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The name of the town is a reference to Julius Caesar. At the time of Emperor Augustus the town of Mazaca/Eusebia was renamed Caesarea Cappadociae (in Latin), Kaysareia (in Greek) and soon after it became the capital of the Roman province of Cappadocia.
(left) Burunguz Camii; (right) Mount Argaeus seen from Kayseri
Wednesday July 19 (1836). After crossing the hot sandy plain, and passing close under some low hills on the right, we reached the burial-grounds of Caesarea at three, and presently entered its narrow and dirty streets. (..) I remained a week at Caesarea where (..) I made inquiries respecting the best mode of reaching the summit of Mount Argeus, which I at length learnt could only be attempted, with any chance of success, from a village on the southern flank, where I should find Armenian guides well acquainted with the mountain.
William Hamilton - Researches in Asia Minor, Pontus and Armenia - 1842
Kayseri is located at the northern foot of Mount Argaeus (today Erciyes), the highest mountain of Central Anatolia. According to the ancient geographer Strabo the view from its peak ranged from the Mediterranean Sea to the Black Sea; this is not true, but Mount Argaeus is a very imposing mountain which can be seen from a very great distance.
Burunguz Camii is a 1977 mosque which is an indication of both the wealth of today's Kayseri and of the strong religious feelings of its inhabitants. In addition it shows the reluctance of some modern Turkish architects to depart from traditional Ottoman patterns.
(May 1837) We descended upon the plain of Kaiseriyeh, passing, before we reached the town, a long peninsulated hill
called Besh Teppeh (Five Hills), at the extremity of
which is a ruined castellated building, and upon which
is said to have been built a portion of the ancient town
of Caesarea. (..) The central part of Kaiseriyeh is occupied by a castle with
high walls and moat around it.
William F. Ainsworth - Travels and Researches in Asia Minor, Mesopotamia, Chaldea, and Armenia - 1842
Kayseri was one of the first important Byzantine towns to be conquered by Turkish tribes. This occurred in 1084. Later on it was included in the Sultanate of Rum. Its fortifications were strengthened by Sultan Alaeddin Kaykubad I in 1224. However this was not enough to avoid Kayseri falling to the Mongols in 1243.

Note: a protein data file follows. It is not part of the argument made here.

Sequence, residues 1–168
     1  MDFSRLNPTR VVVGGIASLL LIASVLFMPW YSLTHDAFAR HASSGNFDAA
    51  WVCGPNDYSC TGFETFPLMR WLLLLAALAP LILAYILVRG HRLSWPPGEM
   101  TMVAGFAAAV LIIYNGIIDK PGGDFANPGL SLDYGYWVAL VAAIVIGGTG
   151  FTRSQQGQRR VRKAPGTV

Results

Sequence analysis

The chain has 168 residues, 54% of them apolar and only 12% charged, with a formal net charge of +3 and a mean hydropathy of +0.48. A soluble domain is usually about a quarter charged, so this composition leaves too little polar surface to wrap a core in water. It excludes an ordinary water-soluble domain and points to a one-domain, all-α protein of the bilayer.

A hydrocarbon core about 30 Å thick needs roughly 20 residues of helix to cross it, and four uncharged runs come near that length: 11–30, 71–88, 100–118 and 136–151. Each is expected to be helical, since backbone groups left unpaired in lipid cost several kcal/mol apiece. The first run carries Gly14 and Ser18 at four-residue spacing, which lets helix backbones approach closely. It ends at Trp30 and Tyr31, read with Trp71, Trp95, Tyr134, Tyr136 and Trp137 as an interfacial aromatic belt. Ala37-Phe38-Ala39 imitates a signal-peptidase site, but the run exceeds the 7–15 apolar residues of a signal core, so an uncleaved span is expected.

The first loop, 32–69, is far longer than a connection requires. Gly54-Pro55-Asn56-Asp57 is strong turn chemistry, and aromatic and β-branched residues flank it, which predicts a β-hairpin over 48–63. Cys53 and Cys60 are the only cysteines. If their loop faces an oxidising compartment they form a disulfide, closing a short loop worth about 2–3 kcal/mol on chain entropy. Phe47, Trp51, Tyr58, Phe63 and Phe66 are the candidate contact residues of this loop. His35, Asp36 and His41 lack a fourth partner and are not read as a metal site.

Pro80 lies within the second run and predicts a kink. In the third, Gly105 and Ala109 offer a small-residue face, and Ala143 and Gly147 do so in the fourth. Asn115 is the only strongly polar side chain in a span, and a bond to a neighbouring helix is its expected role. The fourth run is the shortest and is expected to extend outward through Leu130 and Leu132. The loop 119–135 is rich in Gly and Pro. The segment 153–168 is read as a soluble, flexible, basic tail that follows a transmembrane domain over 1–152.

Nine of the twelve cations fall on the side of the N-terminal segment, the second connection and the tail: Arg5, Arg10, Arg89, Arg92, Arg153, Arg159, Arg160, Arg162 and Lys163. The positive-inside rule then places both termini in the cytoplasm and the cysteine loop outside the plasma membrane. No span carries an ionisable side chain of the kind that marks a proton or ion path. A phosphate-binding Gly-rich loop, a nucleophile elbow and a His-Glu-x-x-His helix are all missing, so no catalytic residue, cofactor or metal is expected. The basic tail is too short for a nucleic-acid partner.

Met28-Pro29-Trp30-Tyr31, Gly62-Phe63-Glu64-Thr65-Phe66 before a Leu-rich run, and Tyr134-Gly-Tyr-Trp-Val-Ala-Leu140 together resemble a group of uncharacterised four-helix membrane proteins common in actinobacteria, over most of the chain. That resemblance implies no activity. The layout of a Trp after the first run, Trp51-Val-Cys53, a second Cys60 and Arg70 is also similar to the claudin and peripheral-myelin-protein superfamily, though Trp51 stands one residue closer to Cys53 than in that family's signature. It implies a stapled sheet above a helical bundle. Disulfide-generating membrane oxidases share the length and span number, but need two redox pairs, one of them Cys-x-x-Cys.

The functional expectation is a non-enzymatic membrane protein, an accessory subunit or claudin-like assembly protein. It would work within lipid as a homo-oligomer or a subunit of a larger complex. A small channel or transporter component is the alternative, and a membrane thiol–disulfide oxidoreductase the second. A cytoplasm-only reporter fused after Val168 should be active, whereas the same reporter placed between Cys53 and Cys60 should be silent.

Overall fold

The Armenians have preserved a written chronicle
of the earthquake that ravaged the city of Kaiseriyeh
in August, 1835, but it contains little of any interest
to the philosophy of these destructive phenomena. (..)
Many menarehs and lofty buildings were overthrown. Ainsworth
Sultan Alaeddin Kaykubad I placed two roughly cut stone lions at the sides of the main entrance to the citadel. The town was also protected by an enclosure of walls of which only a few stretches survive, also because of the effects of earthquakes. They vaguely resemble those of Diyarbakir.
The antiquities of Kaiseriyeh have not been yet
fully explored, but as far as we could see were chiefly
The Great Mosque of Kayseri was built in 1134-1143 when Kayseri was part of an emirate established by the Danishmend, a Turcoman dynasty who ruled parts of eastern/central Anatolia, including Amasya, Niksar and Tokat. The mosque is large, but rather low with a long portico where the faithful do their ablutions.
Kayseri is an important centre for the funerary architecture of the Seljuk period and of the two following centuries during which the city was often the capital of autonomous principalities. It houses a considerable number of kumbets (turbe - tombs - with a domed/pyramidal roof) some of which were built for a Hatun, the wife of a sultan or a governor. They seem to have been more decorated as compared to the kumbets for men; see also Hudavent Hatun Turbesi at Nigde.
The number of Mohammedan structures, including
amams, kumbets, ziyarets, tekiyyehs, etc. is very great,
and they also rise out of the plain on every side around
the city. Ainsworth
Usually kumbets were built next to a mosque or inside a medrese, but in Kayseri there are many isolated kumbets in different parts of the city, occasionally at a significant distance from its centre.
Doner (Round) Kumbet (a detail of its decoration is shown in the image used as background for this page)
This almost unique circular kumbet was built in 1275 for Sah Cihan Hatun, a princess. It has twelve sides: each is finely carved. In addition to floral and geometric motifs some panels contain palms and animal figures. Also the conical roof has a light decoration based on twelve blind arches.